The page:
The University of Texas Health Science Center at San Antonio notes that when the acid in soda combines with carbonation, it can lead to belching and increased reflux into the throat. This is because the carbonation in soda causes your stomach to expand, which pushes stomach acid upward into your esophagus.

Food and stomach acid may come up your food pipe as you belch. This results to heartburn and a sour taste in your mouth.

Eliminating carbonated beverages from your diet is the best way to avoid the heartburn. Choose noncarbonated beverages that are less acidic, such as coconut water or iced herbal tea. If elimination is not an option, avoid lying down after you drink a soda and drink one within three hours of going to bed. Avoid soda when you’re experiencing symptoms of acid reflux to avoid worsening of symptoms.


Consuming sugar-sweetened, carbonated drinks adds calories to your diet, which may increase your risk of overweight and obesity. In a meta-analysis of 88 studies, we examined the association between soft drink consumption and nutrition and health outcomes. We found clear associations of soft drink intake with increased energy intake and body weight. Soft drink was associated with lower intakes of milk and other nutrients increased risk of medical problems.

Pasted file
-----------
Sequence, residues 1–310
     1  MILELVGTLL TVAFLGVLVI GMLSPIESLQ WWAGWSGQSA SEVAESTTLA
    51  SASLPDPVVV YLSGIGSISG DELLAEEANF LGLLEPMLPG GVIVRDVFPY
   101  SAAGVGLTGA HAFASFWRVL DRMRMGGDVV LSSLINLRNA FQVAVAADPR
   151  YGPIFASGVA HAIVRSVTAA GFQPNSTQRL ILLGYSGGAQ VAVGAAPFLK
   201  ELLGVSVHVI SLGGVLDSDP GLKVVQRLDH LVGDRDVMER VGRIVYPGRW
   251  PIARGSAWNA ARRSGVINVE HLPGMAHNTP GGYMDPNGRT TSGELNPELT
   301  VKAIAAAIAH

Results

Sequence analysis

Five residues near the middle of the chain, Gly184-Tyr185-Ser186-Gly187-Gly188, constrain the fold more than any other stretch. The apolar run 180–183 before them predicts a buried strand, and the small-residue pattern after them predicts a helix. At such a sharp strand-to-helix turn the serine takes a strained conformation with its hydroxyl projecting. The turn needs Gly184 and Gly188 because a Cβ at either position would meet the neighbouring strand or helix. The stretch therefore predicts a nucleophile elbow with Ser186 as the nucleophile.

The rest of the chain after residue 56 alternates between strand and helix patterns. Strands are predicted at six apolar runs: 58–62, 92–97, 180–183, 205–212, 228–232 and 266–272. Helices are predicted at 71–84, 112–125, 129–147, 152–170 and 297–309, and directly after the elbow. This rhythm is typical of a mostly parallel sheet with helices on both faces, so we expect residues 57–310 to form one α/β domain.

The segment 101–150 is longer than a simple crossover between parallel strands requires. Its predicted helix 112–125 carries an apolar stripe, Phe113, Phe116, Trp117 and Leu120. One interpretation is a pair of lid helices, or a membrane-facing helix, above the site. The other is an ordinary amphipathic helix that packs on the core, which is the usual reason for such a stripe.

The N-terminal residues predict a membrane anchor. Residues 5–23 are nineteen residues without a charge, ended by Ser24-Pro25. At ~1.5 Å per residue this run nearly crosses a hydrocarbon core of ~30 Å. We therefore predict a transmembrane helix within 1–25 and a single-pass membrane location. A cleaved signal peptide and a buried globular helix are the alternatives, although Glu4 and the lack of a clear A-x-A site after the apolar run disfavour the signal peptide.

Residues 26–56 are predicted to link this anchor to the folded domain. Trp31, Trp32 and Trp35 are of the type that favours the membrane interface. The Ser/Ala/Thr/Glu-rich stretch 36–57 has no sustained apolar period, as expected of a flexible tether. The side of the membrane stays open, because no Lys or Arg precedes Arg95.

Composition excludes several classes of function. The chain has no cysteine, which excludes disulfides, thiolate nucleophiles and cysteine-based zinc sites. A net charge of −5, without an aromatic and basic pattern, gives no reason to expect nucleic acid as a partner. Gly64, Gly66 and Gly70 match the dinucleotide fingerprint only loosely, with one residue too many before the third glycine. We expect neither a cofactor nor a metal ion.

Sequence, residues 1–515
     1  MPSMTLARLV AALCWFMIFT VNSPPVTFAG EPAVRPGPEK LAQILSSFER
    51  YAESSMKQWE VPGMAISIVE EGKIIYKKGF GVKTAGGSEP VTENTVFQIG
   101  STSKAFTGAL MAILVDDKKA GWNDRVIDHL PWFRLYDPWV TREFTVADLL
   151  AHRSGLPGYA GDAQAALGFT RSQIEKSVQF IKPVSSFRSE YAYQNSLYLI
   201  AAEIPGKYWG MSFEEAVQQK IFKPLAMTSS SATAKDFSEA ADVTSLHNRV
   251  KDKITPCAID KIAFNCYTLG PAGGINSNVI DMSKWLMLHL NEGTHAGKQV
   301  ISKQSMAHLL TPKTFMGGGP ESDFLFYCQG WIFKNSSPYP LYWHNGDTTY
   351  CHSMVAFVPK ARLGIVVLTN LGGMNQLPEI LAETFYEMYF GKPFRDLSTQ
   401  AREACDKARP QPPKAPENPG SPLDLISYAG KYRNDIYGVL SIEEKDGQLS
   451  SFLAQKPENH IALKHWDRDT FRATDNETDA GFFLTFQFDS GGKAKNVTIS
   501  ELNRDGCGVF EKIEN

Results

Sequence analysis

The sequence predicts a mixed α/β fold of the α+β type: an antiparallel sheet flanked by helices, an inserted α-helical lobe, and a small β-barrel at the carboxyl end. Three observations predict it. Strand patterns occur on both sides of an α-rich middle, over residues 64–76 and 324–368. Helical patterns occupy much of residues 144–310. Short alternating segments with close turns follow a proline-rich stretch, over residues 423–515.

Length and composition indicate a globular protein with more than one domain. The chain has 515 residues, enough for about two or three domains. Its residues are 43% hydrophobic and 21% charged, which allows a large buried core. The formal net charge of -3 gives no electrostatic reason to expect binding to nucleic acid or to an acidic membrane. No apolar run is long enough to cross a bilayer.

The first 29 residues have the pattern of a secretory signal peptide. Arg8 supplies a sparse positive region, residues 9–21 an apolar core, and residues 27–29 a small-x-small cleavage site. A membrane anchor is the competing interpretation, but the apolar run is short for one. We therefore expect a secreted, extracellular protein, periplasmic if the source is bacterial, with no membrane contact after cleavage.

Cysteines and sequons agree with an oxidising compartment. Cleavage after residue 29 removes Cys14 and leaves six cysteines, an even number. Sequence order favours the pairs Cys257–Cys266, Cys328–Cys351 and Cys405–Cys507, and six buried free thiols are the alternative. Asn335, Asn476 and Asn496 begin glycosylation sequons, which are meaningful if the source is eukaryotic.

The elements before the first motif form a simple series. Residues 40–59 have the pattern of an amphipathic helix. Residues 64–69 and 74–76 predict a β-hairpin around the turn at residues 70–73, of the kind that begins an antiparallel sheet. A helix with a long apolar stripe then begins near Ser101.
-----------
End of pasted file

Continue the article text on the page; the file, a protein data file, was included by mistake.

Lenny Vartanian, Ph.D., and colleagues note in the April 2007 issue of the “American Journal of Public Health” that the risk of overweight and obesity linked to carbonated beverage intake is higher for women than men, and for adults relative to children and adolescents.

Overweight and obesity are significant risk factors for the development of type 2 diabetes, heart disease and osteoarthritis.


Consumption of carbonated soft drinks can adversely affect your overall nutrient intake. Drinking these beverages may reduce your consumption of proteins, starch, dietary fiber and vitamin B-2, also known as riboflavin.

People who drink carbonated beverages also tend to eat less fruit and drink less fruit juice compared to those who do not drink sodas.


If you are a woman, consumption of cola-type, carbonated drinks may reduce your bone strength.

In an October 2006 article published in “The American Journal of Clinical Nutrition,” nutrition scientist Katherine Tucker, Ph.D., and colleagues report that women who consume regular and diet cola tend to have weaker hipbones compared to those who do not drink these beverages.